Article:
Paramapadham Vilayattu movie review: Trisha thriller loses plot to predictability, leaving us to a boring fare
Paramapadham Vilayattu's plot and the politics is excruciatingly stale, making it barely watchable.
An ex-CM and opposition leader falls sick. Dr Gayatri is assigned to his care. In a few days, he dies, suspiciously. She begins to investigate, which leads her into the dark world of politics. Whether she survives or not forms the rest of this highly predictable film.
Paramapadham Vilayattu is conveniently written. For instance, Dr Gayatri's daughter is introduced in a scene where we hear her backstory — through dialogue — to the latter's sign language instructor. "My husband left us the moment he found out that my daughter is deaf and mute," she says as a convenient explanation for being a single mother. What's surprising is how of all the unexplained logical loopholes in the film, this is the fact they chose to write a scene for!
Much of the film is scripted this way. A smartwatch that is conveniently placed as both a telephone and a recording device. Gayatri is both extremely smart and miraculously dumb. So are the villains and their henchmen. People understand sign language easily and almost accurately. We also get a "friend in the media", who only serves a tangential purpose. All the foreshadowing is inorganic to the story. The lesser said about dialogues, the better.
The actors and technicians do little to help. Trisha is painfully one-note, the young girl who plays her daughter demonstrating better emotional range. In all the kidnapping, running and chasing, there is never a strand of hair out of place. I would never understand a woman who doesn't tie her hair in a bun while getting ready for a fight — then again, this may be just me.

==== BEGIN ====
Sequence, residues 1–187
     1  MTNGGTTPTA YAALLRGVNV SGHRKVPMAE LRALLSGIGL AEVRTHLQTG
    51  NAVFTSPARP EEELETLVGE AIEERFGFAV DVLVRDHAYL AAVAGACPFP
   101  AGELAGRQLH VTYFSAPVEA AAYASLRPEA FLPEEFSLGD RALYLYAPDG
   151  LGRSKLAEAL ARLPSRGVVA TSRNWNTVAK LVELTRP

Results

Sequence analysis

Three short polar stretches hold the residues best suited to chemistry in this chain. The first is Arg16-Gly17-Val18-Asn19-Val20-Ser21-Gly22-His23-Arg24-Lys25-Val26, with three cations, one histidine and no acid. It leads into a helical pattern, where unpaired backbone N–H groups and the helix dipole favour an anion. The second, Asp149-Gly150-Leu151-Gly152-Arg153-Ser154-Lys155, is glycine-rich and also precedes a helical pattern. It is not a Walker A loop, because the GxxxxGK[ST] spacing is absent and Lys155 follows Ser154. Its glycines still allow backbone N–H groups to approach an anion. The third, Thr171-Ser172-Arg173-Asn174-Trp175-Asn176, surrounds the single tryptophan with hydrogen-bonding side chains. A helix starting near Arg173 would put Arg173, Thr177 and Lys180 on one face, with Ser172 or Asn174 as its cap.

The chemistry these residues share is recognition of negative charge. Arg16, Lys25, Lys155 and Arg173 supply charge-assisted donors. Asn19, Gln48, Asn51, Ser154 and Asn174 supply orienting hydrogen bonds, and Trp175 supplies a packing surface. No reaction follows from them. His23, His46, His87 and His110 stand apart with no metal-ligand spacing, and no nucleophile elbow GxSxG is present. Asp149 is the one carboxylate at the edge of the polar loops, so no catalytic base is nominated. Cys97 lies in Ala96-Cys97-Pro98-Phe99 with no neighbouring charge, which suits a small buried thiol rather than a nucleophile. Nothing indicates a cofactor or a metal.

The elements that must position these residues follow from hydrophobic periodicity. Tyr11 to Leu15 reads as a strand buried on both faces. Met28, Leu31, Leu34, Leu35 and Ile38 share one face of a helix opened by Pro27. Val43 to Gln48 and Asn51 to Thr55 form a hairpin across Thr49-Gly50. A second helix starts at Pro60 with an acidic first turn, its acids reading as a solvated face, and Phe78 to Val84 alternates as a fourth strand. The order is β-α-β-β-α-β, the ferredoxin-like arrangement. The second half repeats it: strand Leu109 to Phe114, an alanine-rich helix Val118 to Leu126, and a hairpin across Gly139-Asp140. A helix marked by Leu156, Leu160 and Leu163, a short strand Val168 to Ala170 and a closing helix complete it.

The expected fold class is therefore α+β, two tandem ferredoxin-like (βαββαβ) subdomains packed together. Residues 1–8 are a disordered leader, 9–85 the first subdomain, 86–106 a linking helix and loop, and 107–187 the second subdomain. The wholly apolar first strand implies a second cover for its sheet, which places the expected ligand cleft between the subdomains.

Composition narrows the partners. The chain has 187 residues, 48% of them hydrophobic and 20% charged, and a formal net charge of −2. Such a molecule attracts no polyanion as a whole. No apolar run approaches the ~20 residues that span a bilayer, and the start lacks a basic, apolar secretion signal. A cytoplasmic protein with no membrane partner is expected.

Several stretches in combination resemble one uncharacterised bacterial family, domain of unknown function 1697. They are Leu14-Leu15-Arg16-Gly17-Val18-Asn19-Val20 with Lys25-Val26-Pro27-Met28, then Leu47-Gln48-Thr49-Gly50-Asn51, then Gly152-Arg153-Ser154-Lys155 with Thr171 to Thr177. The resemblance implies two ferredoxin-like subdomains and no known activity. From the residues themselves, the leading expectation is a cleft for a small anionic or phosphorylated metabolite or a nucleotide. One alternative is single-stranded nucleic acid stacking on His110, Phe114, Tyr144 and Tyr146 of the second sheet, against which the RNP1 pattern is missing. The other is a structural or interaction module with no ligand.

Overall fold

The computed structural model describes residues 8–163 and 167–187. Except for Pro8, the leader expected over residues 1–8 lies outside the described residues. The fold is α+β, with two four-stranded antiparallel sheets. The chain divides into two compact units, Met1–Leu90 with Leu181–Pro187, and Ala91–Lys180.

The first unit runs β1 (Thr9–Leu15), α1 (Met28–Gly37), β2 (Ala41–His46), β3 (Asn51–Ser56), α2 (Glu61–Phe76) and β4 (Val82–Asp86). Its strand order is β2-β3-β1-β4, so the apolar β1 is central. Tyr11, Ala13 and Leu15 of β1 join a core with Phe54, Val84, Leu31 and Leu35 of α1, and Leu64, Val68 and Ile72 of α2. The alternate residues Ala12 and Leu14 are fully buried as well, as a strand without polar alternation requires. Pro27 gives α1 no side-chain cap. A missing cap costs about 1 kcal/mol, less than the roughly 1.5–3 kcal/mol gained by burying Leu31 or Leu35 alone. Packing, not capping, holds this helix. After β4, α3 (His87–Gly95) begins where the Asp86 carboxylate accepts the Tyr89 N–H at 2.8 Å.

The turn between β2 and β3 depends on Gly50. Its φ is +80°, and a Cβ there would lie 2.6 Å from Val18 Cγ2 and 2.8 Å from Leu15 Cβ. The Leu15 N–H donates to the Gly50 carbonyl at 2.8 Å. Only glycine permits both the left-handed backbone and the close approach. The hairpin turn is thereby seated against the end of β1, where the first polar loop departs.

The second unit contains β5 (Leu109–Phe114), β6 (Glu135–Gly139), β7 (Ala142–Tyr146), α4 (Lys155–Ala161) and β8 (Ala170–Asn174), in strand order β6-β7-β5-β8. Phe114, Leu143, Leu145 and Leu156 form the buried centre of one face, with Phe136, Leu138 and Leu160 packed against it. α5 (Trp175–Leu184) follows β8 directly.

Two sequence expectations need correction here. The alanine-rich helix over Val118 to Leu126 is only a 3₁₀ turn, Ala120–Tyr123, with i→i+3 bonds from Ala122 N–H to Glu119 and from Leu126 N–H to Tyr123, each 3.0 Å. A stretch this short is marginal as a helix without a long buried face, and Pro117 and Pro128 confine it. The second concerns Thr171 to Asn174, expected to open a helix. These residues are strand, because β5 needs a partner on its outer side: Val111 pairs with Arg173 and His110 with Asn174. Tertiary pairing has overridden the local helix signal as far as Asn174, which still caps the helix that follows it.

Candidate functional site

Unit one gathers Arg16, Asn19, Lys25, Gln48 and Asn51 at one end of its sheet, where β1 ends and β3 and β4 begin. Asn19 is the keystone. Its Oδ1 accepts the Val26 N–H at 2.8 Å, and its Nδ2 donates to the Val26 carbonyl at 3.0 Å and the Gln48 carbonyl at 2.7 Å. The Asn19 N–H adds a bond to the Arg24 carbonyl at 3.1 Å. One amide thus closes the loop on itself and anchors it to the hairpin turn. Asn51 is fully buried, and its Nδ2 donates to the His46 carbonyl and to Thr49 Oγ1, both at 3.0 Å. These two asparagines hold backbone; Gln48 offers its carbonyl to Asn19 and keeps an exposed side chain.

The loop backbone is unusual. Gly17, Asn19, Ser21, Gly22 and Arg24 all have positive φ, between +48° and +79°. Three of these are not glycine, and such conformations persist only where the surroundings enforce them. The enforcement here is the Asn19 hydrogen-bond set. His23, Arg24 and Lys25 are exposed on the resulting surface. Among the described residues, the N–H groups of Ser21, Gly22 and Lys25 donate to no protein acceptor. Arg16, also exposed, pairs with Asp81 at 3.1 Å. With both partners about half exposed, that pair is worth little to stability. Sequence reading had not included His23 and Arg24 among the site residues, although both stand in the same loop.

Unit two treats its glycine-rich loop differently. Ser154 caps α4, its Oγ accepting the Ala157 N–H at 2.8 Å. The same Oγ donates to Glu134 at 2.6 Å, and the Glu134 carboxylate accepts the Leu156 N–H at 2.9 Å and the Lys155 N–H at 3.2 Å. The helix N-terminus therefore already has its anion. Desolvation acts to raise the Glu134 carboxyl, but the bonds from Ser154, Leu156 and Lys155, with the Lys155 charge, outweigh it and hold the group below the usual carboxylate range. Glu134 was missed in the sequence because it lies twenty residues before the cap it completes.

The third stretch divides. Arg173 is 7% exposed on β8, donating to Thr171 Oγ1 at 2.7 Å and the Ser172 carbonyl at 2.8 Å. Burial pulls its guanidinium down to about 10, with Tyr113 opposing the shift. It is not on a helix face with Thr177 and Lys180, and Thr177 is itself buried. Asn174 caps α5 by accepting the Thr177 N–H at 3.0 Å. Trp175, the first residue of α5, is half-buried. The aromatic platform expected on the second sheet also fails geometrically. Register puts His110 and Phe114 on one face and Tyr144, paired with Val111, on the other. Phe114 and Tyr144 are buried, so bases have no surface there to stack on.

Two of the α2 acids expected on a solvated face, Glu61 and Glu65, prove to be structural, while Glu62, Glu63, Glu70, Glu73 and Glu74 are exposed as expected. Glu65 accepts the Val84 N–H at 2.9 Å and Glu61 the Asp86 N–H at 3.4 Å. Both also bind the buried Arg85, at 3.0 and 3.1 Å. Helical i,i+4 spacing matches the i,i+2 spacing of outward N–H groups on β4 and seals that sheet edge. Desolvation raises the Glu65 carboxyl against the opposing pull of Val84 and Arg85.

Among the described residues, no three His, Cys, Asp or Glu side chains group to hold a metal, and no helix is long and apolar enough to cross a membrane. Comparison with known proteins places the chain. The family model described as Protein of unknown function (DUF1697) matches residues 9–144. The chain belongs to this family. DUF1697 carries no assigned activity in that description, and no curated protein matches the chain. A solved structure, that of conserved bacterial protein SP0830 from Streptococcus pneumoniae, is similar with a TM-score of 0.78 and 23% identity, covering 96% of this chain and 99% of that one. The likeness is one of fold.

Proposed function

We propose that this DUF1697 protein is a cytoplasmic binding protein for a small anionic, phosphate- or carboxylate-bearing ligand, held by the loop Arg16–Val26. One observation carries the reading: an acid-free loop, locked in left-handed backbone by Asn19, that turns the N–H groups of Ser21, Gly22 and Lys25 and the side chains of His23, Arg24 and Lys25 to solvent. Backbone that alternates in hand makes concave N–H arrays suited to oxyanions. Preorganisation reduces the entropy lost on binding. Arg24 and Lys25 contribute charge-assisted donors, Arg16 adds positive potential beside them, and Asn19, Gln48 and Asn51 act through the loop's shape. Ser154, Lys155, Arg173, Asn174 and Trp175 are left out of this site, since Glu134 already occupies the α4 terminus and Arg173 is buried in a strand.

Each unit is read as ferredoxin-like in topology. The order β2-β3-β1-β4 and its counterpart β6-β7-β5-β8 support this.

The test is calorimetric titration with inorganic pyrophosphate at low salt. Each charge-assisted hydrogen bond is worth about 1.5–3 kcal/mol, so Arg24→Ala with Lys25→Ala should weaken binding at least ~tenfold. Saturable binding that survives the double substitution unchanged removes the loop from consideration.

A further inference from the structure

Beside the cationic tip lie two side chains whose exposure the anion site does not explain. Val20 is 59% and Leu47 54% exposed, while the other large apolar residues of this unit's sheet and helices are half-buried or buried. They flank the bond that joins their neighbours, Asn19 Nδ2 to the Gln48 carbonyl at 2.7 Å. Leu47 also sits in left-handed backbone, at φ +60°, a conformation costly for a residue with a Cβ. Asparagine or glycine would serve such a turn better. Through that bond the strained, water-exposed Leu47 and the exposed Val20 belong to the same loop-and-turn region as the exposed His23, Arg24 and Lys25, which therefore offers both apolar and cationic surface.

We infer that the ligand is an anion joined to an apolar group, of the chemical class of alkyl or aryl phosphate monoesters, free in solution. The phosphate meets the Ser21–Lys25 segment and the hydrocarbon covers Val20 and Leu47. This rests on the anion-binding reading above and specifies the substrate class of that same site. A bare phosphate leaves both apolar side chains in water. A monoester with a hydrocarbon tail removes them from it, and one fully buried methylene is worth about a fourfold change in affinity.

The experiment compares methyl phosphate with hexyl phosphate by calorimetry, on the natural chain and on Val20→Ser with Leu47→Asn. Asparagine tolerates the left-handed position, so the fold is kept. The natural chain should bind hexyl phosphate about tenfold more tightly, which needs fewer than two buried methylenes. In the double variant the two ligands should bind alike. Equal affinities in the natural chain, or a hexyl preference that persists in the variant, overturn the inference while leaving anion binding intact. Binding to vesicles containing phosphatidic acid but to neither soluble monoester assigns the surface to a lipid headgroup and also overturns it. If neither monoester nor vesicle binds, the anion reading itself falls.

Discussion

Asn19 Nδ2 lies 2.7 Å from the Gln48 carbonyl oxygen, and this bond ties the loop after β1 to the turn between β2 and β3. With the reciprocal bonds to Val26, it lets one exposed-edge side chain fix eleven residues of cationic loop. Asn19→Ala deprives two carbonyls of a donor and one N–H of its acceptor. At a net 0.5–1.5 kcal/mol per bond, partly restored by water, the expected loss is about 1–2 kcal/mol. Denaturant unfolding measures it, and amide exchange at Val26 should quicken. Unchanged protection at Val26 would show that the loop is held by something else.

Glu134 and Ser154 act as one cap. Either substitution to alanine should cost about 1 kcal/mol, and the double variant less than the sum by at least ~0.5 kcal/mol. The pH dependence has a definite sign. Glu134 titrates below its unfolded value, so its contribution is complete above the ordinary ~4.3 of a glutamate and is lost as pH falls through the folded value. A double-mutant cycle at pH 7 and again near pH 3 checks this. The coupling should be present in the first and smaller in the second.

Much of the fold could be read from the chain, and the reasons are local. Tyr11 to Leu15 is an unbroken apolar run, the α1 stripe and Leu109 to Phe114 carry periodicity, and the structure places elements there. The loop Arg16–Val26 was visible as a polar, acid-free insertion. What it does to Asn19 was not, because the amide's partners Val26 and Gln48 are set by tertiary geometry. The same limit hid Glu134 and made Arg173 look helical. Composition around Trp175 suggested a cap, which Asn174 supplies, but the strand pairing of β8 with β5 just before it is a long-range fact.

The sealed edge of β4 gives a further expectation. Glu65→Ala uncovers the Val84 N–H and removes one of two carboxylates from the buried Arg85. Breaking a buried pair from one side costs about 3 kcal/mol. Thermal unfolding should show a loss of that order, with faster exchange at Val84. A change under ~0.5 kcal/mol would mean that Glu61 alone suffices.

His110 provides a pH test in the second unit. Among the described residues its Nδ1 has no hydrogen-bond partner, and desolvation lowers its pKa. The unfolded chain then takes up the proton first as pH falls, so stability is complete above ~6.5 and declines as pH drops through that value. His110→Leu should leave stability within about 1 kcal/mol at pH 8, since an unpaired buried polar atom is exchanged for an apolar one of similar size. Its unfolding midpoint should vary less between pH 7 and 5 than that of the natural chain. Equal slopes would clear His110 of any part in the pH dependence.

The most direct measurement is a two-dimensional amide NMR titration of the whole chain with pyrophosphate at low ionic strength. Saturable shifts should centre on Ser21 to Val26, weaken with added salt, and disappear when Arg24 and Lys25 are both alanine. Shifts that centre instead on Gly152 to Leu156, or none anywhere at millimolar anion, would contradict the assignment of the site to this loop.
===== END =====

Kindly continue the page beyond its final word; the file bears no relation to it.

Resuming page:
Nandha, who plays the opposition leader's son, tries his best to perform what little is written for him. Richard (credited as Rishi Rich) is perplexing as the quirky David, one of the villains. The eye drops, sunglasses and the dog are bad enough, but the flashes of darkness and haunting background score every time he appears to make his character inexplicable. Sona plays a politician — the last time she was cast in that role, she was made to speak sexual innuendo to a lecherous audience. Paramapadham Vilayaattu shows her some mercy on that front.
The worst part of the film, however, is the introduction of a 'hero': A passerby tasked with saving the heroine from danger. We meet him through an item song; he makes awful jokes and has no stake in the film at all. Is he there perhaps because the writers worried that a woman can't do her own fighting?
There is nothing in Paramapadham Vilayattu that we've never seen before. The plot and the politics are excruciatingly stale. The scenes are misplaced versions of real-life incidents. The characters are plastic. Overall, the film is barely watchable.
Paramapadham Vilayattu is streaming on Disney+ Hotstar.
Watch the trailer here
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